3. Rick /Reply

    There are fire resistive requirements that are required for homes with less than 10′ separation. according to the state building code the builder, inspector, and the county are responsible to you. Sue them. your home is in jeopardy.

  4. Jack Strobel /Reply

    I have a building inspector who is “by the book” guy. My house is nearly completed and the inspector decided to tell me my Hardee board panels under the house will not pass inspection due to the fact only 5/8″ sheet rock is currently the only material approved as fireproof.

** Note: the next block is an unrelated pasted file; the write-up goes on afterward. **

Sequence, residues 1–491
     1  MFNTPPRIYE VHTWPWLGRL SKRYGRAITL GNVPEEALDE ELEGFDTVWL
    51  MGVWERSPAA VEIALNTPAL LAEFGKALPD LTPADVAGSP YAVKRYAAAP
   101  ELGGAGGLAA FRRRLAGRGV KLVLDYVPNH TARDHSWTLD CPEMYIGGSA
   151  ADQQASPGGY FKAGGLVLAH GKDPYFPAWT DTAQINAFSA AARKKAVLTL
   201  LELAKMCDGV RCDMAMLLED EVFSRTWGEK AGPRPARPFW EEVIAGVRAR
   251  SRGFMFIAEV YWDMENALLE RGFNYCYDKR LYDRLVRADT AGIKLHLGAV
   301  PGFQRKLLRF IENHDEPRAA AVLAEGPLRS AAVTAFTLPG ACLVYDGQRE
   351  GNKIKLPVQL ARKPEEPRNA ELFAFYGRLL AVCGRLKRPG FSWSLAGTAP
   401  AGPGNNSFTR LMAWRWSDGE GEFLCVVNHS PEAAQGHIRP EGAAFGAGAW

My house is on pilings. The roof of the garage under the house is Hardee board panels. I am told Hardee does not pass the 1 hour burn through rating. When I suggested applying a fire proof paint he denied that as well. Despite the fact the paint has a 1-2 hour burn through rating. Do I have any recourse?

    1. eddie /Reply

      Unfortunately, I believe the building inspector is correct. And, if the inspector is correct, you don’t have much recourse. The Building Code is a MINIMUM Code, meaning it cannot be reduced. To do so would be gross negligence and open the inspector and the jurisdiction up to liability. It is true that 5/8″ fire code sheetrock or another fire-rated covering is required under a piling house, and post-applied fire-resistant coatings are no longer allowed by the code.

  5. Mister Owner /Reply